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U.S. DOT offers $5 million in prizes to boost AV accessibility

U.S. DOT offers $5 million in prizes to boost AV accessibility

The U.S. Department of Transportation is holding a $5 million competition to help ensure autonomous vehicles are accessible to people with disabilities.

The competition is called the Inclusive Design Challenge. It follows in the tradition of the DARPA Grand Challenge and DARPA Urban Challenge. Those competitions, staged by the Defense Advanced Research Projects Agency starting in 2004, helped ignite the race to commercialize self-driving cars.

This time, the idea is to make it easier for people with physical, sensory or cognitive disabilities to use automated vehicles. Projects can involve software or hardware.

Finch Fulton, deputy assistant secretary for transportation policy, says it’s important to act now, while AV technology is in its infancy and designs are evolving.

“We have to partner with the private-sector innovators that are creating this technology early on, so we can shape the development and make sure it can be accessible for all as the technology develops,” Fulton said Tuesday in a webinar presented by Partners for Automated Vehicle Education.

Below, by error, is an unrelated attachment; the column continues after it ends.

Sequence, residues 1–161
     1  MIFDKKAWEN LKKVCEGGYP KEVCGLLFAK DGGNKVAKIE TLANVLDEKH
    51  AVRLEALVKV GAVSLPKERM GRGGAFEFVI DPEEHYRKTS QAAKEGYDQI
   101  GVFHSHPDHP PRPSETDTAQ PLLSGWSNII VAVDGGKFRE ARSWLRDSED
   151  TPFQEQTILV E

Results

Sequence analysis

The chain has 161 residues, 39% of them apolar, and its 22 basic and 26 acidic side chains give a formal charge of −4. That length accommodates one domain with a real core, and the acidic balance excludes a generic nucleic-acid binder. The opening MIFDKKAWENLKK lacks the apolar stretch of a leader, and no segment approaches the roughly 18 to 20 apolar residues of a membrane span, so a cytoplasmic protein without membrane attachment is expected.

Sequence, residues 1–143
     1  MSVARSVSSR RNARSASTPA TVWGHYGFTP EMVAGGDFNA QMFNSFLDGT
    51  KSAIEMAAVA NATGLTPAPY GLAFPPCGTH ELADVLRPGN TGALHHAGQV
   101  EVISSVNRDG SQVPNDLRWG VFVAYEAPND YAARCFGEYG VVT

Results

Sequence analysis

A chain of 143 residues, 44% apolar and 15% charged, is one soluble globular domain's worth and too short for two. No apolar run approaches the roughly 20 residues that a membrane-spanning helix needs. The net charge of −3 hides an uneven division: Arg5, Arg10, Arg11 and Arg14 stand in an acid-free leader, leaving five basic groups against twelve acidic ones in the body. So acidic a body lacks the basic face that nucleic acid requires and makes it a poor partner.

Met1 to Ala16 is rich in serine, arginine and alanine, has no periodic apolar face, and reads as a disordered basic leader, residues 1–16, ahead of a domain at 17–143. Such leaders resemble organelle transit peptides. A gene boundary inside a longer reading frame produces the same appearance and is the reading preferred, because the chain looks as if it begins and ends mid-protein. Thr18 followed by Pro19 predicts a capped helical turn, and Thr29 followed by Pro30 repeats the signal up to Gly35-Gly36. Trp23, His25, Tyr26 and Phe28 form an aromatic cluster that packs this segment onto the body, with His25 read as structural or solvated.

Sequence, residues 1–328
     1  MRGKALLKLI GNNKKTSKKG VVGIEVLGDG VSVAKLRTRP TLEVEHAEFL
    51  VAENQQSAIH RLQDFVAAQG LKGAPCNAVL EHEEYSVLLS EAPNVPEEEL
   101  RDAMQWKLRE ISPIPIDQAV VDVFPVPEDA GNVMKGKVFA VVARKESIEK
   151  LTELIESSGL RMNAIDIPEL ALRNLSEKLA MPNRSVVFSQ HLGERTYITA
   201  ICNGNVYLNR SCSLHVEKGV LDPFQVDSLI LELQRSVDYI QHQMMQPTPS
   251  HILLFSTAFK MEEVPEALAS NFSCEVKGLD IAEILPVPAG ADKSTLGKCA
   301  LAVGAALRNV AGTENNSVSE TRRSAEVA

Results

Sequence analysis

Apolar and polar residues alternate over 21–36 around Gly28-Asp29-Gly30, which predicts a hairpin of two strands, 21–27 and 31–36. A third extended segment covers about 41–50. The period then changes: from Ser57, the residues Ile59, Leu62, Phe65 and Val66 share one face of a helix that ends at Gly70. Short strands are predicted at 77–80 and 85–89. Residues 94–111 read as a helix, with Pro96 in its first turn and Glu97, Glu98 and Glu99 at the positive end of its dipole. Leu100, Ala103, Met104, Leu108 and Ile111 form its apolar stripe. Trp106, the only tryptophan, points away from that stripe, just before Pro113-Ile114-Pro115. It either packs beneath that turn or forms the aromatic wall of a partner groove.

Stage one of the competition is underway. The department will accept entries through Oct. 30. Early next year, officials will name as many as 10 semifinalists. They will receive $300,000 each to help take their prototypes to stage two.

“So, at the end of that second stage, the three finalists will receive the remainder of that $5 million prize first, and we have additional monies that we’re thinking about in the future to shape these initiatives, to keep this going,” Fulton said.

“This is not a one-time deal. This is a marathon, not a sprint. We are going to have to have that continued engagement at a number of different levels throughout this initiative.”

The entries will be judged on technical merit, production feasibility and potential impact on the lives of people with disabilities. Fulton said it’s important that innovators address the complete trip.

“You have to be able to locate the vehicle itself. You’ve got to be able to enter into the vehicle. You’ve got to be able to secure passengers and equipment. You have to put information in about where you want to go. You have to be able to interact with the systems, during normal situations or when something goes wrong in an emergency situation. You’ve got to be able to exit it and get to where you’re going.

“There are a lot of commonsense steps that somebody that hasn’t really faced these challenges would maybe forget to think through as they’re working on concepts.”

— Leslie J. Allen

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